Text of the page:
Of course, we can't discuss accidental inventions without mentioning one of medicine's most important advancements -- the discovery of penicillin. But it's this fungus group's rocky beginning that makes its success hard to believe.
Alexander Fleming, a Scottish bacteriologist, first put penicillin on the map after an incident in his lab. After returning from a two-week vacation in 1928, Fleming noticed that one of his petri dishes was the new home of a mysterious mold. Strangely, Fleming observed that existing bacteria in the dish did not grow where the mold grew, indicating its potential in staving off unwanted microorganisms. Fleming isolated, classified and described the mold. Producing large amounts of the mold, however, proved to be a difficult task.
Because of this, Fleming's accidental discovery wasn't used for treatment right away. It may have slipped into obscurity if not for other researchers.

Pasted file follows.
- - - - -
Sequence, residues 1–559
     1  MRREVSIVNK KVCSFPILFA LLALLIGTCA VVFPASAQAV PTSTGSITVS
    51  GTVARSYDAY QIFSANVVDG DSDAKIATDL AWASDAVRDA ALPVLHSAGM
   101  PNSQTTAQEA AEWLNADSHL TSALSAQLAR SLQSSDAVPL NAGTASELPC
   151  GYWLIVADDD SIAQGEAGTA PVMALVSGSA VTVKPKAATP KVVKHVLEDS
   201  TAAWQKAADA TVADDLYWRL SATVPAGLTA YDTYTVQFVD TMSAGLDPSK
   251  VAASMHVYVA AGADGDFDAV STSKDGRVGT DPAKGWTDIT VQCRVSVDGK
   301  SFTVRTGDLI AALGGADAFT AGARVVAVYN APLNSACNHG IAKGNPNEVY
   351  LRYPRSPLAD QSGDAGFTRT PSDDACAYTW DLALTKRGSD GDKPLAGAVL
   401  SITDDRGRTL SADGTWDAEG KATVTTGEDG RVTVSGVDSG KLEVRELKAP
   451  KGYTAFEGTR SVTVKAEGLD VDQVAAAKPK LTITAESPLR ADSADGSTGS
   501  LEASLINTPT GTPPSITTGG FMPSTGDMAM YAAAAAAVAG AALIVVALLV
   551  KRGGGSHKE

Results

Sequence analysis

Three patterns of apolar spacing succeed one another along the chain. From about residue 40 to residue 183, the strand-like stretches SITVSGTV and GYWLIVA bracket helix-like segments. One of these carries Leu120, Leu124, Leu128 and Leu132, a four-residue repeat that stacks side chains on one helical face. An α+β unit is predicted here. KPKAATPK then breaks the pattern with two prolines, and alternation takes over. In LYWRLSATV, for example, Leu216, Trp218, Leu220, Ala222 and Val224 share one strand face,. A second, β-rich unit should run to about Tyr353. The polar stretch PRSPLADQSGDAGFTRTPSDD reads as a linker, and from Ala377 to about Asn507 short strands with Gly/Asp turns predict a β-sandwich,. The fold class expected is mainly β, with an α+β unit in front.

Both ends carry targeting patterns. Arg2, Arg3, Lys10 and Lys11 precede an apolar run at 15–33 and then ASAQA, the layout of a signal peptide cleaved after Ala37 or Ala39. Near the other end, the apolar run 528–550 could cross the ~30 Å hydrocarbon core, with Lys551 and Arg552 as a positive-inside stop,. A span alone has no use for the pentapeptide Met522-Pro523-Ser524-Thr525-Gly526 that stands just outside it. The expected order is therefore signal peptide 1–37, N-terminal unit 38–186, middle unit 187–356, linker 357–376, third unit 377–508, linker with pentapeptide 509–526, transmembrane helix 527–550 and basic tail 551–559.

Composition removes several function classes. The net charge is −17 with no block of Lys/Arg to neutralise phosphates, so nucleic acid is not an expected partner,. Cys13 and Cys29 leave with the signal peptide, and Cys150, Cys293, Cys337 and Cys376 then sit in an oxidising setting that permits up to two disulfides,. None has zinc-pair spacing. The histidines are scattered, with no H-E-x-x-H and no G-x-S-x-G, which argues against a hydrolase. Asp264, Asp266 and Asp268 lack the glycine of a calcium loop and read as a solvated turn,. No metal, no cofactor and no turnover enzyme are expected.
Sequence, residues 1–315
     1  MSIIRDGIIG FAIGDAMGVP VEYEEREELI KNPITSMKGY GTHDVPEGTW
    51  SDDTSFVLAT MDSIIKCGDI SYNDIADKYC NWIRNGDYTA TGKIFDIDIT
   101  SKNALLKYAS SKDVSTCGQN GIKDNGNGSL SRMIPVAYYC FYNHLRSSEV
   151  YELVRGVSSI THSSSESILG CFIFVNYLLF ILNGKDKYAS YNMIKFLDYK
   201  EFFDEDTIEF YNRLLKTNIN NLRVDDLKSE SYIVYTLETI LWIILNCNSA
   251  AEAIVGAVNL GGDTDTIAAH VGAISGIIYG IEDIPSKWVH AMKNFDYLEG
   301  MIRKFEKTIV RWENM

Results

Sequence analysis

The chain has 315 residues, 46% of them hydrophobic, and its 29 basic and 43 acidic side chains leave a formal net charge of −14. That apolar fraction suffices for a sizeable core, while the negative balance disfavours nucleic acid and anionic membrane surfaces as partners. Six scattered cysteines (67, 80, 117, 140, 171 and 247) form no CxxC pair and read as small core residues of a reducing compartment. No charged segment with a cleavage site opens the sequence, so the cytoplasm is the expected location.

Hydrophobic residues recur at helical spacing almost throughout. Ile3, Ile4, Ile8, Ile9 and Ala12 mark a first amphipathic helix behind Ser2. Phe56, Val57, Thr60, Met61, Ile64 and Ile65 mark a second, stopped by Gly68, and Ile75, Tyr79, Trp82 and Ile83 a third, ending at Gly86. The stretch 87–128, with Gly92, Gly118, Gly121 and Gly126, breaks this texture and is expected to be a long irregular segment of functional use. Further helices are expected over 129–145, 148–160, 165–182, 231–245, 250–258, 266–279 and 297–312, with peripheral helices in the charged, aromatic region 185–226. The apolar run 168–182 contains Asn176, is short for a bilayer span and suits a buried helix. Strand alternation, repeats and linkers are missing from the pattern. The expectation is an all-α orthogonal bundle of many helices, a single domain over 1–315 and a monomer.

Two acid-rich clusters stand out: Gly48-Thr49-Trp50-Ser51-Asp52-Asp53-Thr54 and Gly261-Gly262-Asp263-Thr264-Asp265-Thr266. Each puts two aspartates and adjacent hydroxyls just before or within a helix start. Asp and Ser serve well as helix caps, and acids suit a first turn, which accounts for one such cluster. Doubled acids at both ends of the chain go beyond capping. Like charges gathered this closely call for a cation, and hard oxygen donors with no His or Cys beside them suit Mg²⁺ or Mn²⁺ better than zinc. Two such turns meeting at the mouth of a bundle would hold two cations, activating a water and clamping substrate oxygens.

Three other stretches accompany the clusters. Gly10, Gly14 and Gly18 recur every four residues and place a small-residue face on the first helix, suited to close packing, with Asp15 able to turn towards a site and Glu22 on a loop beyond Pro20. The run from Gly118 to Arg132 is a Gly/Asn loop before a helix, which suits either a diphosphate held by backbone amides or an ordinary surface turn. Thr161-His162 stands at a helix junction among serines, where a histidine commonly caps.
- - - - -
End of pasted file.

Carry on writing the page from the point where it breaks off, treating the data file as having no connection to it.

Nearly 13 years after Fleming's accidental encounter with penicillin, Howard Florey, Norman Heatley and Andrew Moyer catapulted penicillin into the spotlight again when they switched the type of mold used to one that grew better, producing enough to test medical treatments. Since then, penicillin has been used around the world, saving many lives along the way.
Although it may have been difficult in the past to imagine the next big cure stemming from mold growing in a petri dish, the collaboration and open minds of penicillin's first scientists paid off.
Our last accidental invention involves laughing and pain -- can you guess what it is? Click on to find out more.